How To Set Up CakePHP For Production: Ubuntu 16.04

How To Set Up CakePHP For Production: Ubuntu 16.04

We shall assume that you have developed a CakePHP app on the server and that you are going to launch it as a product. To bring your app to the production level, you’ll need to

  • Clean up the code,
  • Increase security by enabling Security and CSRF components, and
  • Set up the app on the server correctly.

Cleaning Up the Code

Disable Debug Mode

Every installation of CakePHP comes with the Debug mode enabled and virtually all programmers use it. Debug mode set to false is the way to go in production, to prevent leaking of sensitive info.

To disable Debug mode, open the config file for editing:

sudo nano config/app.php

and find the line where the debug variable is mentioned, at the top of the file. Set its value to false, like this:

'debug' => filter_var(env('DEBUG', false), FILTER_VALIDATE_BOOLEAN),

Save the file and refresh the site in your browser. In case you have a brand new app, this is the screen you are going to see:

This page, located under src/Template/Pages/home.ctp, is the homepage. This is the place to introduce the site or redirect the user to another page. The following code will save the existing home.ctp file, in case you want to bring it back later, and will create an empty file so that you can put the appropriate code into it.

Execute this from command line:

cd /var/www/html/cakeapp/src/Template/Pages/
mv home.ctp home_old.ctp
touch home.ctp
sudo nano /var/www/html/cakeapp/src/Template/Pages/home.ctp

Command mv renames the existing file, touch creates a new file with the same name, only empty. It then opens the editor so you can put the following code into it:


That will redirect the app to but in real life, you will redirect it to one of the pages on your own site.

Setting Up Passwords in SetEnv Variables

Environment variables on Apache HTTP Server store information in named variables that are available in PHP and CakePHP code. Normal usage of environment variables would be to control logging or access to certain pages on the site. You can also set a value for Debug as SetEnv and dynamically check it in the app. The following goes to the Apache configuration file:


and then you can check it out in the app.php file:

$debug = (bool)getenv('CAKEPHP_DEBUG');
return [
    'debug' => $debug,

SetEnv can also store sensitive data such as passwords. Then, the passwords would be available in code, but not through text in source code of the app, which adds another level of security.

Clear the Cache Before You Begin

Cached files in CakePHP may reach hundreds of MB and will slow the app down. Before you go to production, be sure to execute this command from your app directory:

bin/cake schema_cache clear

You should also issue this command whenever you change any data structure in any of the databases and tables, otherwise CakePHP will not take them into account.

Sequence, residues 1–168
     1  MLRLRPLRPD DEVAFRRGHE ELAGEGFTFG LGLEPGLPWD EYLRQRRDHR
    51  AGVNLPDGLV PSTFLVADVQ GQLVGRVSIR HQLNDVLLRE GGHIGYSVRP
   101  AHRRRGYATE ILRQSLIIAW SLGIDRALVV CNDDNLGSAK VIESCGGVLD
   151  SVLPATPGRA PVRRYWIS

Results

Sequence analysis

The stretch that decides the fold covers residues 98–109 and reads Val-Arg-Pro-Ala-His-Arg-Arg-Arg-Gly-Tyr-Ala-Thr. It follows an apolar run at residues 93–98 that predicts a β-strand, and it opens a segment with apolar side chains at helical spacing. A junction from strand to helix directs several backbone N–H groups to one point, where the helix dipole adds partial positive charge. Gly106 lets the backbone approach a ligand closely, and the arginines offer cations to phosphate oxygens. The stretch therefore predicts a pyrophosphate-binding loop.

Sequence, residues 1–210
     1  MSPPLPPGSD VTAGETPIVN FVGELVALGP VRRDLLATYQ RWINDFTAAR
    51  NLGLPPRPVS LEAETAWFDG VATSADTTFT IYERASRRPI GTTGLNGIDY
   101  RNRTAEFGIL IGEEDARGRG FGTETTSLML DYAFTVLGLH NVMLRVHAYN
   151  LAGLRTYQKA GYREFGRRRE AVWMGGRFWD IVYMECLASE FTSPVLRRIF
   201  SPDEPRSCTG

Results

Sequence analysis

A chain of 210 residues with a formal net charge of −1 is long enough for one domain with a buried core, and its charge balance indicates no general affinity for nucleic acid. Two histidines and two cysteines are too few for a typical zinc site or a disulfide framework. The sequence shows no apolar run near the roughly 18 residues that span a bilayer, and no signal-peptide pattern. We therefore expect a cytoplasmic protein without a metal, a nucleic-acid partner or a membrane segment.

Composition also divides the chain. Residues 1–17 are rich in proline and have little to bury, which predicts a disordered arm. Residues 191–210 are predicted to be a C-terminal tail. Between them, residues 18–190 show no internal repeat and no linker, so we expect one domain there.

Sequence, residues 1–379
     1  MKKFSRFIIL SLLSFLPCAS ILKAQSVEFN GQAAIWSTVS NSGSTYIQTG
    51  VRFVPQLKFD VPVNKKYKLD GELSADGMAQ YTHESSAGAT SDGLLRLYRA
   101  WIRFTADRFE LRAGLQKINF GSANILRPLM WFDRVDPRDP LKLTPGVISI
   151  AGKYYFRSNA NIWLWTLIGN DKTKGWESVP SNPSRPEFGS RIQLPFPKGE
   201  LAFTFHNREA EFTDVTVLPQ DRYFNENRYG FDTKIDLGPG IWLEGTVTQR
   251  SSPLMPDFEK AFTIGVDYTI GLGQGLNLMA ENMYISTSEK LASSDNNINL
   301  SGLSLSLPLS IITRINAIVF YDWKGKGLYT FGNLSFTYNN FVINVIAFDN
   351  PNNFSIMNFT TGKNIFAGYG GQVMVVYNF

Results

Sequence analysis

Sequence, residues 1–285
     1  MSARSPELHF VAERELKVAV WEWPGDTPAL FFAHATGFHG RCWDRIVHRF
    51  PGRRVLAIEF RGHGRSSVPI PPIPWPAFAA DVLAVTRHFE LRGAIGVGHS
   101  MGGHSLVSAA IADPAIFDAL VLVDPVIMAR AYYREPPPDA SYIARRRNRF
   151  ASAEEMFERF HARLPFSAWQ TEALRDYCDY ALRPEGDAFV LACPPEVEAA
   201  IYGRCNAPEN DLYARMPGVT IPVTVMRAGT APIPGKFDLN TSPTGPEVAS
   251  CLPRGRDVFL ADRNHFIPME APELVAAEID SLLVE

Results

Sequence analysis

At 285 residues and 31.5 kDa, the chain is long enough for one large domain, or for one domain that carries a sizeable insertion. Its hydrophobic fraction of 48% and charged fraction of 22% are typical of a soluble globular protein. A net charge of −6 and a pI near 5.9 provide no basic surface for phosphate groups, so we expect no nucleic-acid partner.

NOTE: Once in production, use the Migration tool to change database schemas.

Models Should Have the Correct Validation Rules Enabled

Model classes in directory /Model/Table contain code for logic validation of input in forms. There will be two functions in those files, validationDefault and buildRules and here is what they do.

validationDefault will have an entry like this:

            ->requirePresence('username', 'create')

which means that for input field called username, when you press Save on the Form, the field must not be empty. If it is empty, an error will be shown and the data will not be saved to the database, but will instead be presented to the user again.

buildRules may look like this:

        $rules->add($rules->existsIn(['user_id'], 'Users'));

isUnique means that the email address entered must be unique in the database and if there is a match, a message will be shown to the user and the form data will not be saved.

existsIn means that the value entered must be present in table Users and if it is not there, an error message will be shown and the form will not be saved.

You can turn off all these validators, by just commenting them out. Do it at your own risk, because it opens up the possibility of entering data in inappropriate formats.

Learn more about Validators from the official documenation page.

Improve Security of Your CakePHP App

Activate the Cross Site Request Forgery Component

Once in the wild, your app can become an object of attack, mostly by automated software. Cross Site Request Forgery is a common attack performed on web apps and if successful, can lead to the equivalent of online robbery.

The protection mechanism consists of adding a randomly generated token as a hidden field to every form, which the server knows. This way, the potential attacker has no means of knowing what the token might be, and the attack will fail.

As of version 3.5, CakePHP also implements CSRF protection as middleware.
You should either use CSRF as a component or as middleware, but not both at the same time.

Activate the Security Component

The Security component will enable you to:

  • Restrict which HTTP methods your application accepts
  • Prevent Form tampering
  • Require that SSL be used
  • Limit cross controller communication

Use it in your controller’s beforeFilter() call. Since Security can be used with other callbacks from there, it should be executed before them in the initialize() method.

The Security Component will automatically give you the means to fight form tampering protection. It inserts and then checks on hidden token fields that are automatically inserted into forms.

It will also work in conjunction with the SCRF component.

Where To Put Code to Activate Security Components